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A couple days ago I stumbled upon a sentence that I couldn't get my head around.

In the sentence:

I have read all of his books, Gregor gave me the first book.

I know it sounds wrong if you say:

I have read all of his books, Gregor has given me the first book.

but could someone please explain to me why the present perfect tense can't be used in the second sentence?

  • We get a large number of questions on when to use the past and when the perfect. You really need to address this to our sister site English Language Learners - or study a grammar book. You will find other similar questions here if you look for them. – WS2 Dec 4 '15 at 22:38
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Both sentences are comma splices, but that's not what you are asking about.

Gregor gave me the first book.

and

Gregor has given me the first book.

are both perfectly good sentences, but you would probably use them in different circumstances.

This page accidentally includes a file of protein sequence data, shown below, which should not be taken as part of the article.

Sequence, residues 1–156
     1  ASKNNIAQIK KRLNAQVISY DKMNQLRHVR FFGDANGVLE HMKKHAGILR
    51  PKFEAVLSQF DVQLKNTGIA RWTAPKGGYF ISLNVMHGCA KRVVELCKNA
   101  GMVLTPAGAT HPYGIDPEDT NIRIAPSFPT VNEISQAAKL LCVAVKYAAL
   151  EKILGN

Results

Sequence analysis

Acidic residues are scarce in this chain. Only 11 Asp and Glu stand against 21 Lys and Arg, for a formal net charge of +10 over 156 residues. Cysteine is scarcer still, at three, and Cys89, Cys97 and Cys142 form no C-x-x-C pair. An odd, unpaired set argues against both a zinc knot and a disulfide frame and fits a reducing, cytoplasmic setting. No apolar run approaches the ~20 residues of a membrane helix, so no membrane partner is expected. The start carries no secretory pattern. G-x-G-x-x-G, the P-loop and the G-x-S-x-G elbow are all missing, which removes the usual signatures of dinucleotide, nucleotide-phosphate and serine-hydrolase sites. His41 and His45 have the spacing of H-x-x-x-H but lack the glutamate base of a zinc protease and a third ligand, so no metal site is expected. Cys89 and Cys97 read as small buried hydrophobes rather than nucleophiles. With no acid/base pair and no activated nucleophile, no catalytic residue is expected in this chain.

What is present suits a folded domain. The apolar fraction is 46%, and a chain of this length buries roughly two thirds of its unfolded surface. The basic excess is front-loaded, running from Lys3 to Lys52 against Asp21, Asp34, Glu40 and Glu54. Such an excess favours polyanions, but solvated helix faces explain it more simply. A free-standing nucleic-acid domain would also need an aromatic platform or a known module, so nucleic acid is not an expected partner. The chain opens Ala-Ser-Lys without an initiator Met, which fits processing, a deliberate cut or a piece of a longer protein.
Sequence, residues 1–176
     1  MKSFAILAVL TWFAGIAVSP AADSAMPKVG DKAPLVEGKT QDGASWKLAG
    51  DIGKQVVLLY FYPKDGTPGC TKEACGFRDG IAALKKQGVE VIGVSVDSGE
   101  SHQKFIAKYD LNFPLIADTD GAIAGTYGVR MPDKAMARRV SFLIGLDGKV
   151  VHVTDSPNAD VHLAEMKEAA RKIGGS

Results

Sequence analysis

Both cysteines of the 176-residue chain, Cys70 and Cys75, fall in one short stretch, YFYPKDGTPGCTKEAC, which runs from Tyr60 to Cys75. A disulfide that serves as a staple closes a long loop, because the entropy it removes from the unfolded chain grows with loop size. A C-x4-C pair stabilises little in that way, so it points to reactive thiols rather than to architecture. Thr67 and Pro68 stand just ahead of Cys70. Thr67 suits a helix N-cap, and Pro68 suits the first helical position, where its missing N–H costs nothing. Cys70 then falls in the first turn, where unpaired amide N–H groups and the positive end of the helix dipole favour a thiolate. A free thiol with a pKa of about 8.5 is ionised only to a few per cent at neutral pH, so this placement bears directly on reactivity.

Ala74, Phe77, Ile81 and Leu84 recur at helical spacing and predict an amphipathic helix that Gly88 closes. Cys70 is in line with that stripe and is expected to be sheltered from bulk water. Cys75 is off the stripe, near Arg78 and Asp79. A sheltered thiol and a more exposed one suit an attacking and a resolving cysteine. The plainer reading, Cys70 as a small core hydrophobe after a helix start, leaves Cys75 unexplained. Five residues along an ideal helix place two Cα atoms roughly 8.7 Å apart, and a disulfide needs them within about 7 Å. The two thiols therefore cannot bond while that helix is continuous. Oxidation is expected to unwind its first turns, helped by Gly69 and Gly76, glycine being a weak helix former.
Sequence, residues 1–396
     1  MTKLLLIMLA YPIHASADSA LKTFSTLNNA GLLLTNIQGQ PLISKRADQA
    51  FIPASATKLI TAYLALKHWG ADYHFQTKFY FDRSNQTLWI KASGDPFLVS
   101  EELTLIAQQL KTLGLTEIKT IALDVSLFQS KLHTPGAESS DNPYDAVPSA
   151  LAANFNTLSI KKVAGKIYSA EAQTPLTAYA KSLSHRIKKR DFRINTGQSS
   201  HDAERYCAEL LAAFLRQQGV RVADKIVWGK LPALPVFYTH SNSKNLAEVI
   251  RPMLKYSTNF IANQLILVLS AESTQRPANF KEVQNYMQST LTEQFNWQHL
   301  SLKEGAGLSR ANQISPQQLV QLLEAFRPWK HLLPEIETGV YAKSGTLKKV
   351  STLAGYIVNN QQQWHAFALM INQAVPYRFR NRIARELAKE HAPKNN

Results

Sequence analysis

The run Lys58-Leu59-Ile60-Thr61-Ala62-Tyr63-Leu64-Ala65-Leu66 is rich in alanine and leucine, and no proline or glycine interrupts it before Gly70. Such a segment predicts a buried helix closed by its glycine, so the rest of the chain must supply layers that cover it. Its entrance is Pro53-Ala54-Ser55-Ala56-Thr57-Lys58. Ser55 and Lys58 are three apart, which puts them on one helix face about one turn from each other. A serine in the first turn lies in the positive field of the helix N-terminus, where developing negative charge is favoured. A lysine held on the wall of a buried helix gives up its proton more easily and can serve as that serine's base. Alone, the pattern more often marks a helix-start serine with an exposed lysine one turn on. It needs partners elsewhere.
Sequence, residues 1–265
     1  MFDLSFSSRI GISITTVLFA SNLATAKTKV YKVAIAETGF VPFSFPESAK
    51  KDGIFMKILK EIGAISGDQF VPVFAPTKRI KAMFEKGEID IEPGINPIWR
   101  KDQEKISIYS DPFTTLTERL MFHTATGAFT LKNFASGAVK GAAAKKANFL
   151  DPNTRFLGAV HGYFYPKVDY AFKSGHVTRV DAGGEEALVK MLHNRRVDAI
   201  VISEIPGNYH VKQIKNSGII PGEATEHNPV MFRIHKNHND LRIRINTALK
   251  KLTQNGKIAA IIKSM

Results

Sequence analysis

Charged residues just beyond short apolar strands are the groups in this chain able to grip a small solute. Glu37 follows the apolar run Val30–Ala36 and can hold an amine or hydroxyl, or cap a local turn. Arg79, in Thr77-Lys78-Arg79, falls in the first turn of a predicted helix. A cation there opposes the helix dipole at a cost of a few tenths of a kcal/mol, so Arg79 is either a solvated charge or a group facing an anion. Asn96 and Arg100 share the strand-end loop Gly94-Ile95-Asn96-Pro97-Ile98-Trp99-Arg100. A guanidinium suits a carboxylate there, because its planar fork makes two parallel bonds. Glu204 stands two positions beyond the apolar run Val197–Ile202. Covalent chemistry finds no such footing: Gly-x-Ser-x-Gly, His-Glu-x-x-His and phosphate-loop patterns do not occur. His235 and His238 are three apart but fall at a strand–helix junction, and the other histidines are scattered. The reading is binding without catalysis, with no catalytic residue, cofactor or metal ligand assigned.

In the context of "I have read all of his books", it is very likely that your reading of the first book, and so your acquisition of the first book, is an event that is complete: so the simple past is much more likely.

But suppose you mean that you have just finisehd reading all the books from Gregor's library, and now that you have finished, Gregor has realised that you value them and has decided to give you a present. In that case Gregor has given me the first book fits perfectly.

  • I think you're alluding to the fact that they are comma splices, @Rathony, as I said. – Colin Fine Dec 5 '15 at 11:03
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What would be the case if the books didn't come from Gregor's library, but he just gave you the first one of the author?

so the sentences would change like this:

I have read all of the author's books, Gregor gave me the first book of the series.

I have read all of the author's books, Gregor has given me the first book of the series.

ps: thank you for your first anserw @Colin Fine, it was already helpful but i've just got one more question.

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